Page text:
Highlighted in the above images were Morningstar’s “moat” and “stewardship” ratings for PEP, as well as analysts’ expectations for future earnings growth, as provided by FAST Graphs.
I will be pointing those out in the STZ and JPM examples, as well.
Morningstar is very high on STZ and believes shares are significantly undervalued. FAST Graphs also shows fairly big undervaluation compared to recent norms.
Morningstar also believes JPM has quite a bit of room to run, while FAST Graphs seems to indicate the company currently is fairly valued.
Wrapping Things Up
It’s not easy finding strong, fairly valued Consumer Staples these days, so I’m pretty happy to have added to industry leaders Pepsi and Constellation Brands.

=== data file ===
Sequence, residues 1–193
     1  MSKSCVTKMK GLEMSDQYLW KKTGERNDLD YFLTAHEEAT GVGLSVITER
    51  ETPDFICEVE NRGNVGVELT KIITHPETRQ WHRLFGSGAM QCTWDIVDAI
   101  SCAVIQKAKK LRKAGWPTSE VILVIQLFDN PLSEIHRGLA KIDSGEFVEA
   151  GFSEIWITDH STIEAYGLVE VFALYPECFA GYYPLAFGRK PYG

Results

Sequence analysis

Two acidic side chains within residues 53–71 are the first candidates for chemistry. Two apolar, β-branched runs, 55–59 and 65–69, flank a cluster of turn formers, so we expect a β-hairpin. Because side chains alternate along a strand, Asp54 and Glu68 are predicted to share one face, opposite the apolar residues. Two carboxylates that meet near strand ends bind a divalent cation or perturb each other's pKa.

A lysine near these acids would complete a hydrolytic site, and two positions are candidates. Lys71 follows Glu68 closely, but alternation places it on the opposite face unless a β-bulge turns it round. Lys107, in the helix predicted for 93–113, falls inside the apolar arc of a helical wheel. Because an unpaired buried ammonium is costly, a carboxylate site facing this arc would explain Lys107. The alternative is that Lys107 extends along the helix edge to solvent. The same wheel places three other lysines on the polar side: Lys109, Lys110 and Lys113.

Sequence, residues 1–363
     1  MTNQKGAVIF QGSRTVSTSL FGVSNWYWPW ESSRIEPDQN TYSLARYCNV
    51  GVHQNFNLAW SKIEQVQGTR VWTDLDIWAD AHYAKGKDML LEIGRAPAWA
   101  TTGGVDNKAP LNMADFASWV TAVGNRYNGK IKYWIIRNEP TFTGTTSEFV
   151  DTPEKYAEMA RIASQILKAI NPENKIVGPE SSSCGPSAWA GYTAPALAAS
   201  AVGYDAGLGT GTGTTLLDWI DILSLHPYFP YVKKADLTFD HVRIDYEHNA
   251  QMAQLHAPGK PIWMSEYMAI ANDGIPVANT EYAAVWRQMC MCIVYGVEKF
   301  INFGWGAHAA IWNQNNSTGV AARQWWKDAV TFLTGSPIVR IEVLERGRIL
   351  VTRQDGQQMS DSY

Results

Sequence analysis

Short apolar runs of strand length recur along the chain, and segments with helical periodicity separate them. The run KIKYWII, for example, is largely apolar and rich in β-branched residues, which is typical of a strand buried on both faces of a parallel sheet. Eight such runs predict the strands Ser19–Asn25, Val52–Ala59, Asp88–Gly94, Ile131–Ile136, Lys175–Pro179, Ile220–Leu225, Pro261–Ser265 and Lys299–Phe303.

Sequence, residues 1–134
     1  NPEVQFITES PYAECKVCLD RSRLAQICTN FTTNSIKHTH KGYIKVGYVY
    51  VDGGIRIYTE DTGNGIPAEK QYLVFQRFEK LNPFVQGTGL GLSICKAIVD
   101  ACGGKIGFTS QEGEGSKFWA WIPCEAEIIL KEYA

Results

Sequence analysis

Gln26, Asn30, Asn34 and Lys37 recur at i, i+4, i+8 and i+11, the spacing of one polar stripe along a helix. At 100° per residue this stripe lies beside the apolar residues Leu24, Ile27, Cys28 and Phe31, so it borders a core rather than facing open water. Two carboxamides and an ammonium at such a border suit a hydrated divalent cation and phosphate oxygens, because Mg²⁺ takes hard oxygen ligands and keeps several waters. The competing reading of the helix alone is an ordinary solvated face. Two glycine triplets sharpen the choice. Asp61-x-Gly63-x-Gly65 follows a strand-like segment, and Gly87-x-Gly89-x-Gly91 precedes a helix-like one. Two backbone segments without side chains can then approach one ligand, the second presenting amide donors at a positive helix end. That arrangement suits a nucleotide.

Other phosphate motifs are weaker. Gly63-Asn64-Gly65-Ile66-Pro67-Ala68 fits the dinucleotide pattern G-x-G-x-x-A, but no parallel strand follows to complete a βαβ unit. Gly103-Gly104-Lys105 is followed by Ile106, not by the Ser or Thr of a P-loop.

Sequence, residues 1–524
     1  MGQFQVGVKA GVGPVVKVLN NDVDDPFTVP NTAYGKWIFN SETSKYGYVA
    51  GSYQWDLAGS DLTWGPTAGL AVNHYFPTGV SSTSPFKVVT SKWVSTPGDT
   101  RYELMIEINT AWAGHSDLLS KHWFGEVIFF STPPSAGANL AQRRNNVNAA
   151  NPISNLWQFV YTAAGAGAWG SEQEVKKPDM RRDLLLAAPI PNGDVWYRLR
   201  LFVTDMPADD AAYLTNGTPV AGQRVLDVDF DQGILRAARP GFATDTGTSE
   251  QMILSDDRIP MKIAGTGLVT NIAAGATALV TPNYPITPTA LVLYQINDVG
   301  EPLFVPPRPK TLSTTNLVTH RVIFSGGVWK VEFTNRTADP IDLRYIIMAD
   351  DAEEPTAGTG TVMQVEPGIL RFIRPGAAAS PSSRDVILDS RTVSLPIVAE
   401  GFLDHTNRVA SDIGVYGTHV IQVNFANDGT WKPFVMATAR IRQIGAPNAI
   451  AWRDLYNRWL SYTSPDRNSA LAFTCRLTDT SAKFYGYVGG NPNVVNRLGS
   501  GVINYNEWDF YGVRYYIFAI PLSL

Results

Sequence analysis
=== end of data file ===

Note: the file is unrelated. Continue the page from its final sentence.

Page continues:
I feel good about throwing a few hundred more bucks at the best bank in the land, too.
I am not scheduled to make another selection for the Income Builder Portfolio for almost two weeks.
During that time, will this crazy stock market keep going higher despite the coronavirus pandemic ravaging the economy? Or will there be a pullback, presenting opportunities to grab Consumer Staples — and everything else — at more appealing prices?
Meanwhile, I do expect to make more purchases for my real-money, “growth & income” Grand-Twins College Fund by the end of the month, so be on the lookout for my next article.
— Mike NadelWe Just Bought These Stocks for the Income Builder Portfolio [Buy Alert!]
While there are many things to like about these fine companies, their dividend growth ranks high on the list.
Source: Dividends and Income